Bear with me on this, folks. As some of you know, I recently bought an old typewriter, which has been an enormous source of inspiration (and a bit of frustration, too).
When I use the typewriter, certain distinct voices emerge, voices decidedly different from the ones that make themselves known when I use pen and paper and when I use a word processing program. That makes sense. Frederick Nietzsche’s friends said his writing changed after he began using a typing ball. Not that I’m Nietzsche or anything, but I imagine most writers are sensitive to which medium they choose for writing.
When I took the typewriter yesterday, the voice of a man named Charlie emerged. From what I can tell, Charlie has a drinking problem (shocking). There’s more to his story, but the pieces come to me slowly. I sussed out some more details on the drive to work today (like who Liza and Tom are…still not clear on Brother George). I also don’t exactly know where Charlie lives. Anyway, here’s an image of the diary entry or letter with a transcription following:
I woke up with a bird beside me. You read that correctly; a small finch had perched itself on the mattress to the left of my head. It regarded me curiously and without fear. For my part, I studied it for a few moments before becoming alarmed. Was I dreaming? But I knew it wasn’t a dream. The bird was real.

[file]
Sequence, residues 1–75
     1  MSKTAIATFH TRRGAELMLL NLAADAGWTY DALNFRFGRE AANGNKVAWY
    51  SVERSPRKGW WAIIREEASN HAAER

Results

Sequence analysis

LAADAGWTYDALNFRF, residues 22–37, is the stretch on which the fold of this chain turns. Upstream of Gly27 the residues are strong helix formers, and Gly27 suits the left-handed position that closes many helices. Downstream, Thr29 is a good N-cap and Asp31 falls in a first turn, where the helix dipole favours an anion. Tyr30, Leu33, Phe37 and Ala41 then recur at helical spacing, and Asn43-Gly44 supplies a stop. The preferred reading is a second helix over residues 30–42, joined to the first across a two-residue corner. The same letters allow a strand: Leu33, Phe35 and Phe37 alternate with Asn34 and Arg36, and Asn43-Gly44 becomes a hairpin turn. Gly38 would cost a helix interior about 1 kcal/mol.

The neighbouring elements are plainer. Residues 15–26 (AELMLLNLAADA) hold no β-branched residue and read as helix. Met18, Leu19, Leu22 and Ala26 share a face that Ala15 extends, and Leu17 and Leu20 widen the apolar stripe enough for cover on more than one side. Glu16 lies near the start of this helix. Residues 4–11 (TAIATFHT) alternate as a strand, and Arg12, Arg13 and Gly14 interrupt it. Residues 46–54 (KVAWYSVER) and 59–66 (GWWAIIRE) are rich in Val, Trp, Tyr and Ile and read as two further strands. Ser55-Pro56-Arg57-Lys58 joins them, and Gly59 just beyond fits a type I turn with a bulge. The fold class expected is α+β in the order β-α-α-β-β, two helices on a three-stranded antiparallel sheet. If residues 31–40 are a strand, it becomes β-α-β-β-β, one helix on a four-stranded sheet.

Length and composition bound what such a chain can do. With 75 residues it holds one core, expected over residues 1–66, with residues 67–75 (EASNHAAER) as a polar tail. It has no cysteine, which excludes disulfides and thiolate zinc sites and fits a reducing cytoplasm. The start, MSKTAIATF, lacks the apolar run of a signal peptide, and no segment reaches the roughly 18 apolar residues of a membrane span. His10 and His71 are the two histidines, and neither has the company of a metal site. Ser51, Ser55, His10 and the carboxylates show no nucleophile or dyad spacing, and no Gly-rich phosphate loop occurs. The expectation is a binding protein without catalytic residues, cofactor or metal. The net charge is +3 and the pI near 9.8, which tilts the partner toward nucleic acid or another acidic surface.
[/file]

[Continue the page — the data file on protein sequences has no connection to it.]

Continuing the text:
I wasn’t sure what to do next. How often does one find the way of being in the world? i resist the urge to tell the truth, i know. let me die in peace. there wont be a better time my dear than to say than today when all are weak and weary they ask me if i been drinking so i tell them the truth. yes. old liza aint happy with that but that dont matter. it was just a matter of time before i started again. thats what brother george said and he should know. hes an old drunk like me.
A bit more…
I worry about liza though cuz she too old to start down tha path. she eyes my bottle though like it some kind of treasure. it aint but thats between me and the devil and god if the three of us ever get to talking. i suspect we will one day or night.
there aint much left of this old ribbon so id better stop. tom wont get a new one until next month.
-charlie, june 7, 1966.
Hmm. I’m interested in how Charlie’s diction changes as he types. At first, I imagine him waking sober (if hung-over). As the entry progress, his lack of punctuation and general disregard for grammar makes me think he’s drinking as he writes.
More updates coming.